Dorothy Jones moved in March for sanctions against her husband for failure to answer questions Reilly served on him.

Associate Judge Duane Bailey has set a May 15 hearing on sanctions.

When Jones and BP undertook the cleanup, they agreed that after Triad cleaned up a section of the property, RLJ LLC would take it on a long term lease.

No owner had ever cleaned and conveyed a property that way, because federal law required complete cleaning of a property before an owner could sell any part.

To clean the property bit by bit, BP would take advantage of a new amendment to the law allowing exceptions to the requirement for total cleanup.

Big vision falls short

Cipriano announced the cleanup plan at Deer Park in 2002.

She said it would start with a six acre retail and office park.

Jones told reporters heavy traffic on Route 143 would create business opportunities.

He said he would develop the perimeter first.

Work began and for two years everything apparently went right.

Signs of trouble in 2004

The first sign of trouble lurked in a work schedule that Rick Hartley, of URS engineering in Chicago, submitted on Aug. 13, 2004.

He wrote that corrective actions were "delayed due to ongoing discussions between IEPA and BP regarding general scope of work changes at the Wood River facility."

Twelve days later representatives of Illinois EPA, U.S. EPA, BP and URS met to discuss "closure status of the South Flare Pit."

Jones, the cleanup contractor, did not attend.

Notes from the meeting show that Illinois EPA asked for a "risk evaluation of post-remediation conditions" and a "control proposal."

Someone recommended more testing, every two feet down.

At the meeting or soon after, Illinois EPA asked for soil tests every three months instead of every six months.

Early reports did not pinpoint the problem, but later correspondence would refer to "SSI's" – statistically significant increases of contaminants.

Later correspondence would also refer to high levels of arsenic, barium, naphthalene, volatile organic compounds and semi volatile organic compounds.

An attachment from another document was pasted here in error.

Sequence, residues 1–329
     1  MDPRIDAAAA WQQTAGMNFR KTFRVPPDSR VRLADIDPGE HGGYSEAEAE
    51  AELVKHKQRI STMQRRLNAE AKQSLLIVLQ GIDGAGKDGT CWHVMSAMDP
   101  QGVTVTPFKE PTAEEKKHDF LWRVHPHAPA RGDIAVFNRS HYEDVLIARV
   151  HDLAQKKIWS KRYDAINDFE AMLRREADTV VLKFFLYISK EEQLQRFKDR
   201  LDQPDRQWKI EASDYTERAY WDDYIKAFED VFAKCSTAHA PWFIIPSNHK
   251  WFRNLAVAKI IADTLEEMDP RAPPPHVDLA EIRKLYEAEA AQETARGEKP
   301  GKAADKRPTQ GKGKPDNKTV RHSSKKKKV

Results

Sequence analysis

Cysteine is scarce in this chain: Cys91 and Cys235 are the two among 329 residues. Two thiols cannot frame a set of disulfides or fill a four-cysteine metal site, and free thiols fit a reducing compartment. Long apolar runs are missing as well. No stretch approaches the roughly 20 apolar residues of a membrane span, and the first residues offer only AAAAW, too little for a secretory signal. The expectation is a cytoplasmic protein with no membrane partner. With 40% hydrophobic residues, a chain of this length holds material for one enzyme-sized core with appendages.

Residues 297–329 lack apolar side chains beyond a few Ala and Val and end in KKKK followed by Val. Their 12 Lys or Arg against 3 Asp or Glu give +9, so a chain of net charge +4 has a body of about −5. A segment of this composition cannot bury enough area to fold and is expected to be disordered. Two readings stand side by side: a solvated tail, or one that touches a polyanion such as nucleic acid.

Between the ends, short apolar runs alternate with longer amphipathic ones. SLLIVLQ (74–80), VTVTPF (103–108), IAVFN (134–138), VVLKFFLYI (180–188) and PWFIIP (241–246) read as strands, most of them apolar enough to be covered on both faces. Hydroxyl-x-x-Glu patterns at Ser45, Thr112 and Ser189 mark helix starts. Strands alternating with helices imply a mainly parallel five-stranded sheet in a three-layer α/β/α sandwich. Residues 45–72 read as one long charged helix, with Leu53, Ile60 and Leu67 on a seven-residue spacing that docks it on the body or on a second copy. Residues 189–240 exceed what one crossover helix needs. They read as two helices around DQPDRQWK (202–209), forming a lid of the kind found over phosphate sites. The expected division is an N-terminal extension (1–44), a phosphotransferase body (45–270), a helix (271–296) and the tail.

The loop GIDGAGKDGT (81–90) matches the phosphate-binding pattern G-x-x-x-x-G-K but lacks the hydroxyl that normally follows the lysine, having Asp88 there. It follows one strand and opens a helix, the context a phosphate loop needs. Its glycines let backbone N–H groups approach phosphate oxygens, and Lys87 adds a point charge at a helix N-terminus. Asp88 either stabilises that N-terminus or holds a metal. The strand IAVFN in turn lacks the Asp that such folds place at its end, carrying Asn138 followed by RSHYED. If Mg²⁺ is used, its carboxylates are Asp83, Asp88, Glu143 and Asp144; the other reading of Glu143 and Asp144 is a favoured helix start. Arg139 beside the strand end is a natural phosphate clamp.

BP submitted a report in April 2005, but Illinois EPA scientist Jim Moore panned it.

He identified the South Flare Pit as a source of future groundwater contamination and declared BP's report unacceptable.

Meanwhile, BP and Jones stopped getting along.

Downhill in 2005

BP and Jones signed a "standstill agreement" on April 14, 2005, in which both pledged not to take any steps toward finding a buyer for 30 days.

On May 12, Cipriano resigned.

On May 15, Amy Boley of Illinois EPA began a review of the cleanup.

On Sept. 6, Boley began keeping an "exceedances log."

On Sept. 8, she talked by telephone with chief project engineer John Dennison of URS.

On Sept. 16, Dennison filed to modify the permit and the monitoring program.

On Sept. 17, the standstill agreement between BP and Jones expired.

On Sept. 19, Lakin sued BP on behalf of Triad Industries and RLJ LLC.

Lakin claimed that late in 2004, Jones arranged to lease a piece of the property and BP wrecked the deal.

Lakin alleged fraud, claiming BP told Jones he would manage, lease or sublease the property when BP had no intention of letting him do those things.

On Sept. 21, Boley called Dennison's number only to find out he left the firm.

Hartley stepped into Dennison's shoes and filed on Sept. 28 to modify the permit.

Hartley tried to persuade Boley that tests reflecting high levels of metals related to "off site issues."

Boley wrote, "All I see off site in both directions is residential areas."

In March 2006, Jones dismissed his suit against BP.

In April, Jones notified Illinois EPA that he no longer had any responsibility or authority for the project.

At that point Jevyak, whose name had appeared on all BP correspondence about the project, disappeared from the record.

This week, a recording on Jevyak's former phone number at BP said he no longer works there.

BP still hasn't returned any land to productive purposes.

Last year, BP hired real estate broker Jones Lang LaSalle of Chicago to find buyers.

To date, Illinois EPA has declared 156 of the 840 acres clean enough to develop.